continued to receive the most prestigious and competitive research grants.<br />

Three Hebrew University faculty members won highly competitive European<br />

Research Council (ERC) Advanced grants, which provide long term funding in<br />

support of ground-breaking, high-risk projects. These include Prof. Yinon Ben-Neria<br />

from the Faculty of Medicine, for developing an “onco-destroyer” to combat acute<br />

leukemia; Prof. Alex Lubotzky from the Einstein Institute of Mathematics received<br />

his third ERC Advanced grant, for studying “Stability and Testability: Groups and<br />

Codes TeStability”; and Prof. Gideon Shelach from Asian Studies, for studying the<br />

people and ecology of medieval Mongolia and China.<br />

In addition, five of our faculty members received ERC Starting grants, which support<br />

researchers within 2-7 years of receiving their doctorate: Dr. Abed AlFatah Mansour<br />

(Medicine); Dr. Yotam Drier (Medicine); Dr. Ido Goldstein (Agriculture); Dr. Yoav<br />

Adam (ELSC); and Dr. Hannelies Koloska (Buber Fellow, Humanities).<br />

This was a particularly strong year for our university in terms of Israel Science<br />

Foundation (ISF) grants. We received 120 ISF grants this year, a 10% increase from<br />

last year. This was an increase in the total amount awarded, as well as a significant<br />

jump in our University’s share of the awards, percentage wise. In <strong>2020</strong> we received<br />

46.3 million NIS, representing 23.3% of the available funding, up from 30.6 million<br />

NIS and 17.6% in 2019, and 34.9 million and 21.3% in 2018. The main increase this<br />

year was in the awarding of equipment grants for new researchers – an impressive<br />

21 grants (totaling 10.3 million NIS), up from 8-9 awards in previous years. This is<br />

a strong indication of the quality of our newly hired researchers and holds great<br />

promise for the future.<br />

Another area where our new faculty members shone was BSF Research grants,<br />

awarded by the US-Israel Binational Science Foundation. While the Hebrew<br />

University was awarded 15 grants, comprising 18% of the total number of grants<br />

available, 7 of these were Start-Up Research grants, which will enable our newest<br />

faculty members to establish cooperation with their peers in the United States.<br />

The Hebrew University on the Global Stage: Many of our<br />

University’s departments continue to be ranked highly. This is a testament to<br />

the excellence of our researchers, not only on the local stage, where the Hebrew<br />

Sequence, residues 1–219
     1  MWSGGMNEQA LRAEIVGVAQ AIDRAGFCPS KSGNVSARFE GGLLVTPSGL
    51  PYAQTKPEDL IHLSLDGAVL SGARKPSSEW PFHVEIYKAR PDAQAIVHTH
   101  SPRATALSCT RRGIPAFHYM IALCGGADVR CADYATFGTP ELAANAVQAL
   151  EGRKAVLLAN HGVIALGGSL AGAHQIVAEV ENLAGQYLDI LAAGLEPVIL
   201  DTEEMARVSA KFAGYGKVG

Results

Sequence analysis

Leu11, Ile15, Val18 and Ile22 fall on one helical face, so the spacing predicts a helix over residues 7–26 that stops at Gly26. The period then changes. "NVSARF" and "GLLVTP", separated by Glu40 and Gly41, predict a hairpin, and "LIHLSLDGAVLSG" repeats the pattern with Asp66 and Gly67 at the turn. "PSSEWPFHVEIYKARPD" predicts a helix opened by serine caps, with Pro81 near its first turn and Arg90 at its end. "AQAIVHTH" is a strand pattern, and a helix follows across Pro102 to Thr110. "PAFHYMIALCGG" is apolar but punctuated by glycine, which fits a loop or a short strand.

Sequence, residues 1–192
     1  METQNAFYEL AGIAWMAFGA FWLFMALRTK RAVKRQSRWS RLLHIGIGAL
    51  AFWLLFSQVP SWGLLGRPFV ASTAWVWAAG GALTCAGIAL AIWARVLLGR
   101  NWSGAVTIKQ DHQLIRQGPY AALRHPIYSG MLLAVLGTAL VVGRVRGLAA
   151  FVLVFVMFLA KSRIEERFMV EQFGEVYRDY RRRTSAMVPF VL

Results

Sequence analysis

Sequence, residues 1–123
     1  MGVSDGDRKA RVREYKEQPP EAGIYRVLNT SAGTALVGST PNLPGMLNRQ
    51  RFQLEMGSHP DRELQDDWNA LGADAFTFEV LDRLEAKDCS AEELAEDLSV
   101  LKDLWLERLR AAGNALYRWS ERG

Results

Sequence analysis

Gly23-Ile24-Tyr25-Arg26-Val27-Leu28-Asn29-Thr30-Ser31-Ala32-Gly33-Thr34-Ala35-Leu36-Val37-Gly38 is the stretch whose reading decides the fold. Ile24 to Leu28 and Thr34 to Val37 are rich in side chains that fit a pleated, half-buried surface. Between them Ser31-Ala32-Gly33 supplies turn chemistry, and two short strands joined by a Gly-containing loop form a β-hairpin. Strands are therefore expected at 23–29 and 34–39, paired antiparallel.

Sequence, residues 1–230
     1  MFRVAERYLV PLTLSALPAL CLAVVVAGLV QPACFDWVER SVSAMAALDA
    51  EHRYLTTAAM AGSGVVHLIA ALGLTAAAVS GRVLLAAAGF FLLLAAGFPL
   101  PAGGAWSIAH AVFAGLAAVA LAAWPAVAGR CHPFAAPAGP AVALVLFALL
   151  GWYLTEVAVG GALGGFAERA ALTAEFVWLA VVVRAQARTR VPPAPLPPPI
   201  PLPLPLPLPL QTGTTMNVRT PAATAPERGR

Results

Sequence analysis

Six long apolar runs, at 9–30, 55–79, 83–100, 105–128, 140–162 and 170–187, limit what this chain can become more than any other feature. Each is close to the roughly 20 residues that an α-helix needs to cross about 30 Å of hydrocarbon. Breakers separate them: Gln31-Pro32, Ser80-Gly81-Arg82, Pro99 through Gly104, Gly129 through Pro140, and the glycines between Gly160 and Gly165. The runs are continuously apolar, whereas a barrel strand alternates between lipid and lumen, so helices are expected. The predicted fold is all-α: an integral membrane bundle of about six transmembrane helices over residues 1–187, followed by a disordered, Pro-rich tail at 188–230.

University continues to lead in Israel, but also globally.<br />

4 5


Creating a Greener Campus: Caring for the environment is a moral<br />

imperative, rooted in the notion that we bear a responsibility towards future<br />

generations. Hebrew University scholars are recognized as local and global leaders<br />

of sustainability, as they are at the forefront of fields such as planning and ecology,<br />

renewable energy, food sources, recycling, and the study of global processes.<br />

While many of their studies indeed have practical applications or emerge as<br />

commercial endeavors, I believe that we must also take practical steps to safeguard<br />

the environment and conserve limited natural resources right now – starting with<br />

our campuses.<br />

Israel’s Ministry of Environmental Protection has certified all four of our main<br />

campuses as “Green Campuses.” We established Campus Yarok (Green Campus),<br />

a professional team responsible for sustainability at our University. In addition,<br />

our Building and Infrastructure Department has undertaken a number of<br />

environmental projects, which include the following:<br />

· Installing a network of photovoltaic cells on Mt. Scopus rooftops,<br />

which provides 1.2 megawatts of electricity – the largest among Israel’s<br />

universities;<br />

· Replacing 400 showerheads in the dormitories with eco-friendly models;<br />

· Installing energy conservation systems across the four campuses;<br />

· A Green Campus competition, with financial support for student, staff,<br />

and faculty initiatives;<br />

The Faculty of Law has continued its ascent, and is now ranked #33 in the world,<br />

placing it 2 nd among universities whose language of instruction is not English.<br />

The Einstein Institute of Mathematics continues to be ranked highly and is now<br />

#25 worldwide. Furthermore, our Public Administration program, within the<br />

Federmann School of Public Policy, is now ranked 40 th worldwide.<br />

In addition, the Bogen Family Department of Economics, the Department of<br />

Political Science, and the Koret School of Veterinary Medicine each continue to be<br />

ranked among the top 75 institutions of their kind worldwide.<br />

Lastly, we are proud of the Department of Psychology and the Agricultural Sciences<br />

for being ranked among the top 100 worldwide.<br />

· Installing solar-heated water systems in the dormitories, as well as<br />

efficient heating and cooling systems;<br />

· A campaign to raise awareness and promote more environmentally<br />

friendly behavior;<br />

· Over the last decade, all new construction projects have been certified at<br />